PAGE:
Tag Archives: natural gas

not all 52-week lows are created equal

In theory, Wall Street analysts are paid to predict the future earnings of the companies they cover and use those predictions as the basis for their stock recommendations. In reality, this is not always how the game works. Often, analysts seem to forget that earnings and earnings growth have always been the mother’s milk of stock prices over the long term. Instead, they focus on short term price fluctuations, lowering ratings when a company’s stock drops, even as its earnings estimates rise.

Make no mistake, as I’ve repeatedly warned, most stocks making the 52-week low list are there for good reason. The large majority of them are heading lower, and many will cease to exist. Conversely, most stocks making 52-week highs are likely headed higher. However, profitable exceptions to these rules do exist. With a little digging, investors can exploit the imbalance between the Street’s short-term perception of a company, as reflected in its stock price, and its long-term prospects, as reflected by its earnings outlook.

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sorry but your tesla is killing the planet, too

(Update: I guess I wasn’t done talking about Tesla. I just wrote a longer piece about the company for Seeking Alpha. You can find it here.)

If Warren Buffett is right (and he usually is) that the stock market is a short term popularity contest and a long term weighing machine, you could easily argue that the most popular stock on Wall Street over the last eighteen months has been Tesla (TSLA). Elon Musk’s battery-powered car manufacturer is barely cash flow positive, but bullish investors have lifted it to a market cap of over $25 billion. That’s more than a third of the value of a little mom and pop outfit called Ford Motors.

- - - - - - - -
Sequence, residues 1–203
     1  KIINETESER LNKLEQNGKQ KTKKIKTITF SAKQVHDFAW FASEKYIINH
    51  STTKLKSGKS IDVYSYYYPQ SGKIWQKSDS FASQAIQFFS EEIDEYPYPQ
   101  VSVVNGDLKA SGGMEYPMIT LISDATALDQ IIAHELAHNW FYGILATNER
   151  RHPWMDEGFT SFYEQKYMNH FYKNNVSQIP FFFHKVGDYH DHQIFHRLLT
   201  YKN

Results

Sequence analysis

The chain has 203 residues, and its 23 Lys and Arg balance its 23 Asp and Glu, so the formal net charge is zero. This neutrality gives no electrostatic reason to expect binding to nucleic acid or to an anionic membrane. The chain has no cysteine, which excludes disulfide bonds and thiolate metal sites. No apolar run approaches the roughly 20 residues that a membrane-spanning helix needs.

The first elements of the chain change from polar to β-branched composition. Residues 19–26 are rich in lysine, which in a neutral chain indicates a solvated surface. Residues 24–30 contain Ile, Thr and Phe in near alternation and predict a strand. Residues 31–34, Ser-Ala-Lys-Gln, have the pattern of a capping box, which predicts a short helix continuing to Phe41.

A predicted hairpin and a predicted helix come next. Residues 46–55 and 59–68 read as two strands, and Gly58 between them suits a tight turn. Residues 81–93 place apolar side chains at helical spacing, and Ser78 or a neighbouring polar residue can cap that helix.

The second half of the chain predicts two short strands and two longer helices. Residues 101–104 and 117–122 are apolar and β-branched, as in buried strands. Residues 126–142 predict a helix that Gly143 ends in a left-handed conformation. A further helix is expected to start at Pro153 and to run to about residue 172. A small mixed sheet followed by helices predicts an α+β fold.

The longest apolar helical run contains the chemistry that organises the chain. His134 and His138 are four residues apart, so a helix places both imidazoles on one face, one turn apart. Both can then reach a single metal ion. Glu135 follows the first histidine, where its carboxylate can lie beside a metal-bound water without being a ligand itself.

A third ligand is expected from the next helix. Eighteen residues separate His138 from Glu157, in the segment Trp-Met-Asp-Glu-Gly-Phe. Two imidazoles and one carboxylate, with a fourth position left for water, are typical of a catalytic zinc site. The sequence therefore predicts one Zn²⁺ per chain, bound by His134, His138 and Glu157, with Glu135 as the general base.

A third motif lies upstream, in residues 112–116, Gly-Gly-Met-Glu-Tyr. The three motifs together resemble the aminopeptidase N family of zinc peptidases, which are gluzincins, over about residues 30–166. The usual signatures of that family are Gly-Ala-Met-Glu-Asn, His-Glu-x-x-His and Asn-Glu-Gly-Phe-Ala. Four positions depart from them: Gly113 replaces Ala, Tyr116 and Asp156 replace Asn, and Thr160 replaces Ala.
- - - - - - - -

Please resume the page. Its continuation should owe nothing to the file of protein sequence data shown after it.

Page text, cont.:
But this past week hasn’t been kind to Tesla. First, a report from the website The Street called the Audi A8 Diesel a “Tesla Killer.” Besides bashing Tesla’s limited range and likening its interior comfort to a “Burger King” compared to the Audi’s “Buckingham Palace,” the piece also showed that, due to battery depreciation and electricity costs, the Audi is cheaper to own and operate. Then, yesterday, another Tesla caught fire. Of course,  your average Honda or Chevy is liable to go up in flames if you plow it into a light pole at 100 MPH, as the driver of the Tesla did in this case. But reports from the scene said the Tesla’s batteries were “popping like fireworks” in the middle of the street. For a car with a well-publicized history of mysterious fires, that’s the last kind of press Musk wants.

Personally, I like Teslas. I think they’re neat looking. I’ve even considered buying one, and I wish Musk the best in his attempts to revolutionize the auto industry. But I am a little weary of the hype surrounding the cars. Sure, they don’t burn gasoline, but they do suck up electricity–and in a lot of places in the United States and abroad, that’s about the dirtiest way you can power a car.

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